From the Archives: Paul Glimcher and Decision-Making

paulglimcher2013

Paul Glimcher at Neuroscience 2013, in San Diego. Photo: Nicky Penttila

Our latest Report on Progress is a clear and accessible review of the field of neuroeconomics. “Understanding Human Decision-Making: Neuroeconomics” is by Dana Alliance member Paul Glimcher, Ph.D. Glimcher embodies the Alliance’s commitment to sharing brain science information and discoveries with all—science-curious, science-committed, and even intrigued sports fans.

In 2014, Glimcher interviewed famed New York Knicks legend Walt “Clyde” Frazier during a Brainwave event at the Rubin Museum called “The Basketball Champion.”  My colleague Bill Glovin wrote for the blog:

The mental aspect of what makes champions was the central theme of the discussion. Formative experiences helped shape Frazier as a player and a person. Raised in Cleveland in a single-parent home, he was the oldest of seven sisters and one brother. In high school he worked at a diner and was the quarterback of the football team. “Leadership and hard work came naturally because of those things,” he said.

A few years earlier, Glimcher took the stage solo at the American Museum of Natural History, giving a lively tour of various studies to highlight “hidden” aspects decision-making. My colleague Andrew Kahn wrote for the blog:

Glimcher also referred to “the curse of choice,” and gave an example of a researcher posing as a jelly salesperson to highlight our errors in decision-making. In the experiment, the researcher offered potential customers six different flavors of jelly. If they sampled all six, they got a $1 discount on their purchase of any one jar. If they bought a jelly, the researcher e-mailed them to follow up on their satisfaction with their purchase. She found that 30 percent of people made the purchase and, of those people, 80 percent were satisfied.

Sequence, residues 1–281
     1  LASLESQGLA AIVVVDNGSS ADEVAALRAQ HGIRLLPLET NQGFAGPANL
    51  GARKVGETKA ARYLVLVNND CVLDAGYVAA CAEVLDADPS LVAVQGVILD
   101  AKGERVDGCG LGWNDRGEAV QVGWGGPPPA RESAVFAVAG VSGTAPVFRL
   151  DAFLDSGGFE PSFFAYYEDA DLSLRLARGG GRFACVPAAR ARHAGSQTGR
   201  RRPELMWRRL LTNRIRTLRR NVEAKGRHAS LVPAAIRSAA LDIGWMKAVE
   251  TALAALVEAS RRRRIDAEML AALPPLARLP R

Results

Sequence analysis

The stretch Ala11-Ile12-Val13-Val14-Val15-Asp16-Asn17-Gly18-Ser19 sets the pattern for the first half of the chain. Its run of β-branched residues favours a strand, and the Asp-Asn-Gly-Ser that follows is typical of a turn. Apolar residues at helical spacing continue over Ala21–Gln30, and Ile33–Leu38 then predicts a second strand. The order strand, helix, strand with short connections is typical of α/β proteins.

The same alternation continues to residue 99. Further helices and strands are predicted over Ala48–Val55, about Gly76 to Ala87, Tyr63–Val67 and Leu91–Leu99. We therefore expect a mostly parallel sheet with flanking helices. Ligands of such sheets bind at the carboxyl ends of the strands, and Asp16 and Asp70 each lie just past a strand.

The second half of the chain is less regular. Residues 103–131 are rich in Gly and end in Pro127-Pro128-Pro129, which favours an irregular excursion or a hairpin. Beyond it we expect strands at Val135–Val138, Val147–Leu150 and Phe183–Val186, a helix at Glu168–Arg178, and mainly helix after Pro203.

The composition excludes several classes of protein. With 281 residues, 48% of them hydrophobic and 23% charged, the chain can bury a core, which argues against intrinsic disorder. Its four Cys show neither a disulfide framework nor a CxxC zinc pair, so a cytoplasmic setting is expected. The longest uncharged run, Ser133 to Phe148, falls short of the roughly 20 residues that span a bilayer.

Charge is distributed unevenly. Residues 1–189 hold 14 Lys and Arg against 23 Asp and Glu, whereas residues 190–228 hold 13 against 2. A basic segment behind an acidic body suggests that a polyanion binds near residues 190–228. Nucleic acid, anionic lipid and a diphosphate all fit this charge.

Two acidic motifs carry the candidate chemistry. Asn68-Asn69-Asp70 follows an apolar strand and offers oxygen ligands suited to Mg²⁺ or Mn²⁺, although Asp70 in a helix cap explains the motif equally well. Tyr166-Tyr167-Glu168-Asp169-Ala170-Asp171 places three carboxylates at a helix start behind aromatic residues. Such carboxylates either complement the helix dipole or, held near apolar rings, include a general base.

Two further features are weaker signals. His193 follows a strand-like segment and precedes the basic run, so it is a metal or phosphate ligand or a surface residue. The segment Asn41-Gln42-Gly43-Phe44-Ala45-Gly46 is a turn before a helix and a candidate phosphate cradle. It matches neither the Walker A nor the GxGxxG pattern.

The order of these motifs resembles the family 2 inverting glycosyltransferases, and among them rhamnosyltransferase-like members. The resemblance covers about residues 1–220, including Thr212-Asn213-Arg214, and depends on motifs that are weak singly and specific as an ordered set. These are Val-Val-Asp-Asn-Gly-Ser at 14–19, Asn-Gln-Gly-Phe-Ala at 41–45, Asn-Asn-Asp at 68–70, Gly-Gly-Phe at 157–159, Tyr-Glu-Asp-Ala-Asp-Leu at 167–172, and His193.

The researcher upped the flavors of jellies to 24, but offered the same deal: sample six, get a $1 discount for one of the 24 jars. If you already have a favorite jelly, this should be a favorable offer—either you stick with your favorite or you prefer one of the six you sampled. Instead, as the number of options increased, peoples’ choices became less efficient. Only 3 percent of participants made the purchase, and there was just a 20 percent satisfaction rate. Glimcher said this problem could be fixed by devoting more neurons to the task, but neurons are “costly;” in other words, it’s inefficient to devote so many neurons to jelly selection.

In 2013, I caught up with him at the big US neuroscience conference hosted by Society for Neuroscience. The conference always has scads of lectures and poster sessions, and also a lot of career-development sessions. Glimcher was one of the experts volunteering for a “Meet the Expert” session on a Saturday morning. The room was packed, mostly with students and postdoc researchers wondering about they might get into neuro-economics.

The goal, from a neuro-grad student’s perspective, is “to be able to teach economics, to see their argument and love it and repeat it—and disagree,” he said. Glimcher disagreed with one questioner’s description of his role as being a bridge between disciplines: “Don’t imagine you’re the bridge, but on both shores. If you stand in the middle, then everybody hates you.” Instead, you want everyone—economists, scientists, all and sundry—to think you are “one of us.”

Glimcher himself is pretty sturdily on both beaches, having advanced degrees or faculty positions in neuroscience and economics, but even after steeping himself in these disciplines, he can get tripped up. He told us this story: Giving introductions of researchers before they spoke to economists, he would always describe their grad work, postdoc, the usual sciencey spiel. Finally, one of the economists came up to him after one such intro, and said, ‘why do you always mention their postdocs? It must be embarrassing for them.’

– Nicky Penttila

 

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